Saturday, 28 June 2008
Wangechi Mutu | Kenya, USA
Source: Michael Stevenson Gallery
Born 1972, Nairobi, Kenya
Lives and works in New York, USA
Born in Kenya, Wangechi Mutu attended boarding school in Wales for two years before moving to the United States. She holds a BFA from the Cooper Union in New York, and an MFA from Yale. In 2003 she was an artist in residence at the Studio Museum in Harlem, New York.
Mutu’s work is included in the currently touring Africa Remix. In 2005 she held solo exhibitions at the San Francisco Museum of Modern Art, the Miami Art Museum and at Susanne Vielmetter Los Angeles Projects. Group exhibitions include drawing shows at MoMA, New York, and Tate Modern, London; Greater New York 2005 at PS1, New York; Figuratively (2004) and Africaine (2002) at the Studio Museum; Looking Both Ways at the Museum for African Art, New York (2003); Black President: The Art and Legacy of Fela Anikulapo Kuti at the New Museum, New York (2003), and Kellie Jones’ Life’s Little Necessities at the 1997 Johannesburg Biennale.
Using a combination of ink drawings, collage and site-specific wall pieces, Mutu gleans images from ethnographic photo essays, magazines and wildlife journals, adopting the distended and mutated figure as a central part of her work. Creating flamboyant hybrids that reflect the pervasive obsession with physical appearance, she emphasises the violence that comes from the pursuit of affluence and power in Western society, particularly as it impacts on the female body. Mutu’s sumptuous monstrosities parody Western ideals of representation, and the manner in which they grate against the daily realities experienced by the majority of the world’s population.
Mutu refers indirectly to notions of relative distance to Africa in an interview in which Lauri Firstenberg asks for her thoughts on the conceptual framework of Afro-futurism:
"I have to admit that being transplanted changes your notions of self and survival. I’m sure the more extreme your migration story is, the more complicated do issues of personal and cultural survival become for you. Displacement anxiety and a fractured identity are implied in my drawings; there are mutilations and awkward attachments in the collage work. I think one of my most poignant moments in my teens was realizing that my father’s generation was this group of men who’d been raised to understand the true traditional value of a large herd of cattle and goats, yet they were expected to mutate and become middle-class, Mercedes-owing intellectually rigorous, three-piece-suit-wearing urbanites".(1)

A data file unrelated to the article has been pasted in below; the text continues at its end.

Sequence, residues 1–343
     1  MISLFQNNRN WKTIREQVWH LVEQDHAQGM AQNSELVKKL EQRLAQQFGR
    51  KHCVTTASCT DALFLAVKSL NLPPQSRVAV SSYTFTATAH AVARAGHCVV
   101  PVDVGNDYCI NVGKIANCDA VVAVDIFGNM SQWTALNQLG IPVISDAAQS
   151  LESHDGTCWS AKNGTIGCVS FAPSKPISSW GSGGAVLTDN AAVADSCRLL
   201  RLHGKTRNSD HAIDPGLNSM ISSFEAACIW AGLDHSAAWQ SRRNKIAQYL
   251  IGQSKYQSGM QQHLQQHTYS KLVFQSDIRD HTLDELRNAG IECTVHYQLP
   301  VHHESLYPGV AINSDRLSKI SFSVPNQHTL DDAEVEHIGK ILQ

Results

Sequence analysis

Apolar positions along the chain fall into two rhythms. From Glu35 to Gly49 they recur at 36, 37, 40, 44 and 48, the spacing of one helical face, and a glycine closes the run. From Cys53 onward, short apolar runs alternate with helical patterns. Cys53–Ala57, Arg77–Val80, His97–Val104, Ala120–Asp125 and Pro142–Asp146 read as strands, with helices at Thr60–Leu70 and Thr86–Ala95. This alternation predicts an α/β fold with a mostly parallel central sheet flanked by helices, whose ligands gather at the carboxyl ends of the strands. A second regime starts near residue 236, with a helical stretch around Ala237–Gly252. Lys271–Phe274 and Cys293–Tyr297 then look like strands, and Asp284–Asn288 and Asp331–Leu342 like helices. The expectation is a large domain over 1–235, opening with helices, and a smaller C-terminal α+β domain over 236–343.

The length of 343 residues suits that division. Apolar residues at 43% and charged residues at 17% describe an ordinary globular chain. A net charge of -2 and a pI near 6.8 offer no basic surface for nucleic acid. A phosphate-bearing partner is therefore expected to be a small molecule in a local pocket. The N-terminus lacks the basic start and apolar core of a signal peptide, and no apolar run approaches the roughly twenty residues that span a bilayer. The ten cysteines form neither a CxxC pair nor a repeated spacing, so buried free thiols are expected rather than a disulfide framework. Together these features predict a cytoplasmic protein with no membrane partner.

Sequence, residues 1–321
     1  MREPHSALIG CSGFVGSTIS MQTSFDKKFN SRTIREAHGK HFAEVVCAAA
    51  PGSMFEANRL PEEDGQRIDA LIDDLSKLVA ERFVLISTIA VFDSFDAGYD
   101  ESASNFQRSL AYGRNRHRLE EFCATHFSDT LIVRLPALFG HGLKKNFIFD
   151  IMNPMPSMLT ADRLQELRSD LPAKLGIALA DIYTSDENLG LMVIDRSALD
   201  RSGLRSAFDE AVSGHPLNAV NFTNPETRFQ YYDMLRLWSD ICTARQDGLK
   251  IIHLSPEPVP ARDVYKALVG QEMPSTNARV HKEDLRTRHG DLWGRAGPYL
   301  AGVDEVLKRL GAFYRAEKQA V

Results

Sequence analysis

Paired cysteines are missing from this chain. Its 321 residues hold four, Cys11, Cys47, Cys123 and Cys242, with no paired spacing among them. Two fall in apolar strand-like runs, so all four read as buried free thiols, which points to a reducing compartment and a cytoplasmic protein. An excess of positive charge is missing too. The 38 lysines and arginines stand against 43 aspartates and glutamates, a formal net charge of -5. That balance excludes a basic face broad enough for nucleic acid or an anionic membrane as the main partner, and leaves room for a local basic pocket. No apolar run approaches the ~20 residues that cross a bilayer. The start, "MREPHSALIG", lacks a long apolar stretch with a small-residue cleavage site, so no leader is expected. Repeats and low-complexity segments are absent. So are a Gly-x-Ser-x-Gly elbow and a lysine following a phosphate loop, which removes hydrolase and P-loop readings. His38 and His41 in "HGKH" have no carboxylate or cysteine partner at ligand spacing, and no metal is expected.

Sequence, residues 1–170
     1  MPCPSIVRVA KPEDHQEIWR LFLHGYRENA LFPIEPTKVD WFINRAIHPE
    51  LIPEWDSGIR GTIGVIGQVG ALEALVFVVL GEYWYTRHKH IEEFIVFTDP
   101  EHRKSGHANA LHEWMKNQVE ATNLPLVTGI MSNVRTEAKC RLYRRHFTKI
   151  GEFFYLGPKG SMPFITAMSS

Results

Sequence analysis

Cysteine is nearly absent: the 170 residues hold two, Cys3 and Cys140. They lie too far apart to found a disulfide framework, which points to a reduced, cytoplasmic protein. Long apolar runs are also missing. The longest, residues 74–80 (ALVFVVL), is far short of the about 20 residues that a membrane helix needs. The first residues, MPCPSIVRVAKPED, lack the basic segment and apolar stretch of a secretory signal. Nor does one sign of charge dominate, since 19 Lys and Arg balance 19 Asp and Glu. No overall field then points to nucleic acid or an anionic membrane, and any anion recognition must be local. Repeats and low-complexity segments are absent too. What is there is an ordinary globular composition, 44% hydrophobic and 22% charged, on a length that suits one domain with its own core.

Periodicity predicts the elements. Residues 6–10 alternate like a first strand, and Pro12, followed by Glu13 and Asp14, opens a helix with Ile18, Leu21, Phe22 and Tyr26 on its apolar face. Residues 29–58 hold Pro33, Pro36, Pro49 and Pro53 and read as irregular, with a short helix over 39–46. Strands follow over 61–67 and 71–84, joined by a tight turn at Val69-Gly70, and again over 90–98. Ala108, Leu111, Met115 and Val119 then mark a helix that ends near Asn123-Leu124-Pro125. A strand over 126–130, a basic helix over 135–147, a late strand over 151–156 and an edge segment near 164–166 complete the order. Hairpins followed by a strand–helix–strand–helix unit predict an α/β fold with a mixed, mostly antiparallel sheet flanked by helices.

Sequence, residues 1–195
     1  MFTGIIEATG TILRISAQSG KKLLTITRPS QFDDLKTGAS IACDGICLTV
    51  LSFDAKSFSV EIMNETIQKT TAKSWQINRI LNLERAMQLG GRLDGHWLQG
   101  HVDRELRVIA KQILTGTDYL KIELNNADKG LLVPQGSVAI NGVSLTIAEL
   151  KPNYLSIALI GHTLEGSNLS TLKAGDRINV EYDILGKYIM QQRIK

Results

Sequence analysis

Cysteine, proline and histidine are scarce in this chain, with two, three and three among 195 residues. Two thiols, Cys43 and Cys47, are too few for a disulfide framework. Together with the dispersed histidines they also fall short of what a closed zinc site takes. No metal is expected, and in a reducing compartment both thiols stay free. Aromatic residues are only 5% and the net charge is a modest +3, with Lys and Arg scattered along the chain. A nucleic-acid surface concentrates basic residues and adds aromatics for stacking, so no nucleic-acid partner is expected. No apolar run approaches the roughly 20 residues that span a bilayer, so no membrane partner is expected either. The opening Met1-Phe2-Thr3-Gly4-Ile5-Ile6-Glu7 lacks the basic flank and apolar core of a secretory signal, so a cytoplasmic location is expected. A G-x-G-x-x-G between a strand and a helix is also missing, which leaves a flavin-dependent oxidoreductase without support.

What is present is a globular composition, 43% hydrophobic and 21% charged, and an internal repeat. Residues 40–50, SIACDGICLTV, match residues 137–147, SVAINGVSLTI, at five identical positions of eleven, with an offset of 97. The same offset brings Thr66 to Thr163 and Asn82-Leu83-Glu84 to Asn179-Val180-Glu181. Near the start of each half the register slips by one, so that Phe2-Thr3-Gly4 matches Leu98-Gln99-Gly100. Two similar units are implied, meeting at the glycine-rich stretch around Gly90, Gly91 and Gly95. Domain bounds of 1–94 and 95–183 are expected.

Cutting, the work shown in this exhibition, marks a return to the medium of video for Mutu. The work was filmed in the US-Mexico border town of Presidio, at sunset in the desert, during a residency at Art Pace in San Antonio, Texas, in 2004. Isolde Brielmaier writes in Parkett:
Given her affinity for collage, the work seems unexpected. But it also made sense. In Cutting, Mutu uses her own body as a central site for investigating history and culture. Her figure is seen against a vast rural landscape repetitiously hacking away at a large pile of wood and debris with a machete. Exhausted after breaking down the pile into a mass of rubble, she leaves her machete stuck upright in the wooden bits, its handle forming a strong, foreboding vertical against the horizon, and turns to walk up a hill.
When asked why she had now decided to work with video, Mutu explained, “the world – and perhaps by extension people – is in a period of self-destruction. It exists in a constant state of pain that is in many ways self-inflicted. This work conveys immediacy and highlights this anxiety. I also wanted to draw on a sore connection between the idea of a rural space and the fear of elimination and infestation as well as the idea that tools used for providing and creating can so easily be transformed into weapons for murder.” Mutu created videos back in the late 1990s, so in some sense she wanted to move back to where she started. “Nothing is clear cut. Issues shift. Video allows me the capability of creating yet another world and putting myself in the middle of it because I am part of it ... the problems and the solutions. Video, for me, is a means by which to dramatize urgent issues, to invent and re-invent.” Mutu sees the medium as being very much linked to her love of assemblage, to the acts of cutting, splicing, and combining elements. It expands her repertoire. She then has more to work with as she creatively and continually re-works her bodies, builds her environments and re-imagines her art and the world.(2)
(1)‘Firstenberg, Lauri, ‘Perverse Anthropology: The photomontage of Wangechi Mutu’ in Looking Both Ways: Art of the contemporary African diaspora (New York and Gent: Museum for African Art and Snoeck, 2004), 136-143.
(2)Brielmaier, Isolde, ‘Wangechi Mutu: Re-imagining the world’ in Parkett, No 74 (2005), 13.